The Navy News Service reported on the new FLETC Counterterrorism Operations Training Facility and the manner in which NCIS was having to train personnel to deploy into combat zones. Mark underscored the importance of the new facilities and said “High-risk operations are becoming the norm for agents around the world.”
Bill Dedman wrote about Mark and others speaking publicly for the first time about the efforts waged to try to stop coercive and degrading detainee treatment at Guantanamo Bay. Mark told NBC that coercive interrogations trained confessions and made left them unable to prosecute terrorist suspects. Mark explained to NBC News “We always said, there are no secrets, just delayed disclosures” and CITF personnel were told their grandchildren would ask them what they did during the war, so “We wanted our folks to be proud.” Mark described the investigative process CITF used to investigate terrorists.
Bill Dedman reported on the torture of Guantanamo detainee Mohammed al-Qahtani and Mark and the CITF’s battles to try to prevent his torture. Dedman described the SERE tactics that were used on the prisoner and approvals by the Secretary of Defense. Mark told NBC “You’re talking illegal acts here. The secretary of defense can’t change the law. One of the things that we told our personnel was the fact that during Nuremberg, Nazi war criminals were actually tried for acts that were perpetrated by them under orders of their superiors.” Mark also told NBC that “The techniques made some detainees unprosecutable.”
Mark Mazzetti and Scott Shane reporting on a CIA lawyer’s visit to Guantanamo who said the torture laws were vaguely written and that it was basically subject to perception, as well as “If the detainee dies, you’re doing it wrong.” The NY Times described Mark’s and his comments that “That looks like the kinds of stuff Congressional hearings are made of” and “Someone needs to be considering how history will look back at this.”
McClatchy reported on Mark’s reaction after a CIA lawyer came to Guantanamo to explain how the CIA was implementing their interrogation torture program. McClatchy quoted from an email Mark wrote saying “This looks like the kinds of stuff Congressional hearings are mad of” and Someone needs to be considering how history will look back at this.”
Officials from the White House, Justice Department and Congress are considering revisions to the criminal rights afforded defendants upon arrest. The discussions became public when presidential adviser David Axelrod told CNN that the focus is on expanding the “public safety exception that allows a delay in administering” Miranda rights. The question, Axelrod said, is “how elastic is that, and do we need to make any sort of adjustment to it?” According to White House officials, these discussions predated the failed car bombing in Times Square earlier this month. And government officials involved in the discussions say the debate is much broader than the public safety exception to Miranda warnings.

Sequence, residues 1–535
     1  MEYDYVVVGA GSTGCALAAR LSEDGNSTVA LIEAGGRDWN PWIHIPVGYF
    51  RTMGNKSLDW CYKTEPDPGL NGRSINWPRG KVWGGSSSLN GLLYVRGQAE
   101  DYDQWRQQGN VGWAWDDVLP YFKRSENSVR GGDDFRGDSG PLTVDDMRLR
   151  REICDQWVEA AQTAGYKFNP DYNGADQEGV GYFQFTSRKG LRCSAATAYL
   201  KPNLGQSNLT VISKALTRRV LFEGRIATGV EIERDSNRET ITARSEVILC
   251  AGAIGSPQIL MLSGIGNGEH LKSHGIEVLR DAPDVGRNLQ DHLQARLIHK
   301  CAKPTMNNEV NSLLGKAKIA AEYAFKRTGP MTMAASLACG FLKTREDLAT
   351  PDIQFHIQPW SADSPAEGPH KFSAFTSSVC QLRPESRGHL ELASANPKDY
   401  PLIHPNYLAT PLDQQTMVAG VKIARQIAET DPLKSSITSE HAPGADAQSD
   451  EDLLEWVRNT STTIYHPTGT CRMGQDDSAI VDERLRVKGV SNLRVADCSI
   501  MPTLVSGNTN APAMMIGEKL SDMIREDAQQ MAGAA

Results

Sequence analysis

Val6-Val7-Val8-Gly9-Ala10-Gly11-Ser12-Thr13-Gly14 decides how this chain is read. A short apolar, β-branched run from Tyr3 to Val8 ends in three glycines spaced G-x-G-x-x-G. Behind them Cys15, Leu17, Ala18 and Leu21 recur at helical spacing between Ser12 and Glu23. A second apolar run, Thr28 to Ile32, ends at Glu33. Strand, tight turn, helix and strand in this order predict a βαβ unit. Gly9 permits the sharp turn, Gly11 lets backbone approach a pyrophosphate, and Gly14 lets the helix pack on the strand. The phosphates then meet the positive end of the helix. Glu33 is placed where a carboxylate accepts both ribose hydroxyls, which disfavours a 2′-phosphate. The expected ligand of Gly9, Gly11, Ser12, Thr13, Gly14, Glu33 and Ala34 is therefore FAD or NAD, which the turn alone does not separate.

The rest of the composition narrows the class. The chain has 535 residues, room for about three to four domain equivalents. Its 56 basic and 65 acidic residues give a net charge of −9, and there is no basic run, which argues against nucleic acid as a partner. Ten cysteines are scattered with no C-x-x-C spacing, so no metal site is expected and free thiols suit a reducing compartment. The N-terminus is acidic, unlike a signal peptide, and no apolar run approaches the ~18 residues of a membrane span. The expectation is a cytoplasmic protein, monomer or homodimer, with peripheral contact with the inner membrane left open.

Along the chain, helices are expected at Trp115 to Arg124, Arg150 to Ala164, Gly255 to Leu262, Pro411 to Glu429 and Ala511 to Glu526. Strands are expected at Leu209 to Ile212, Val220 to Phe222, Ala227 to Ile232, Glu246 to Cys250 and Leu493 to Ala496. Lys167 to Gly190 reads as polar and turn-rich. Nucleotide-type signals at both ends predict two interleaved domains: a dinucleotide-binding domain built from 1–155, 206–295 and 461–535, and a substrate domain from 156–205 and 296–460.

Mark told NPR he was not convinced any kind of change in Miranda was necessary and “it may, in fact, be a solution in search of a problem,” fearing cased could be lost if the Supreme Court overrules the government procedures.
Micheal Isikoff wrote a story on how declassified documents reveled frustration regarding lack of response for the USS Cole attack, by both the Clinton and Bush administrations. Mark told NBC that wishing weeks NCIS and FBI investigators had solid evidence the USS Cole attack was linked to both al-Qaida and to Osama bin Laden.
The Associated Press and Yahoo News announced the release of a study of violent extremists that Mark was the program manager of at the Qatar International Academy for Security Studies. Mark noted that the interview of former detainees suggested that treatment behind bars was a factor in keeping them from rejoining extremist groups. Mark said: “The fact they were treated with dignity and humanely was a positive influence on them once they are in custody and continued to be a positive influence years later.” Mark recommended a more “holistic view” as countries evaluate their counterterrorism plans.
The NYU School of Law announced Mark would be one of the panelists at the Center On Law And Security.
Amid the debate over the threat posed by homegrown Islamic terrorism, CFR Associate Staff Writer Jonathan Masters interviewed Mark. He told CFR “A more aware and educated police officer or agent, who understands and is trained in community-engagement strategies, can certainly go a long way in curbing violent extremism.” Mark pointed out that the Muslim American community is very engaged in trying to help law enforcement thwart terrorism and that tips from that community were the source of information that led to potential terrorist plots in forty-eight our of 120 cased studied.